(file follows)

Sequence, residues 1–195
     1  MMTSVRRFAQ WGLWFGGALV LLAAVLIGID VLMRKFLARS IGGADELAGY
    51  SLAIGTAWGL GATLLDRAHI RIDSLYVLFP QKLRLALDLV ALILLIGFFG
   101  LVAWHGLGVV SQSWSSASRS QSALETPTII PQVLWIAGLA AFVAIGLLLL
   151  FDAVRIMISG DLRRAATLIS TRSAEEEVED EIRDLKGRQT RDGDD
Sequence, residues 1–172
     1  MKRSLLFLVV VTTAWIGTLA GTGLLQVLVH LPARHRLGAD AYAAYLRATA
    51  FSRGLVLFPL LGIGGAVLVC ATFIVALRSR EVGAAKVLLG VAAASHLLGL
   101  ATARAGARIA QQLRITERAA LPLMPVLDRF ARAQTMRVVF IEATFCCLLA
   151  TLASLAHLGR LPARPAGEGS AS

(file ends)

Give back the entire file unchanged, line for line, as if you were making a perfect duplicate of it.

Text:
Sequence, residues 1–195
     1  MMTSVRRFAQ WGLWFGGALV LLAAVLIGID VLMRKFLARS IGGADELAGY
    51  SLAIGTAWGL GATLLDRAHI RIDSLYVLFP QKLRLALDLV ALILLIGFFG
   101  LVAWHGLGVV SQSWSSASRS QSALETPTII PQVLWIAGLA AFVAIGLLLL
   151  FDAVRIMISG DLRRAATLIS TRSAEEEVED EIRDLKGRQT RDGDD
Sequence, residues 1–172
     1  MKRSLLFLVV VTTAWIGTLA GTGLLQVLVH LPARHRLGAD AYAAYLRATA
    51  FSRGLVLFPL LGIGGAVLVC ATFIVALRSR EVGAAKVLLG VAAASHLLGL
   101  ATARAGARIA QQLRITERAA LPLMPVLDRF ARAQTMRVVF IEATFCCLLA
   151  TLASLAHLGR LPARPAGEGS AS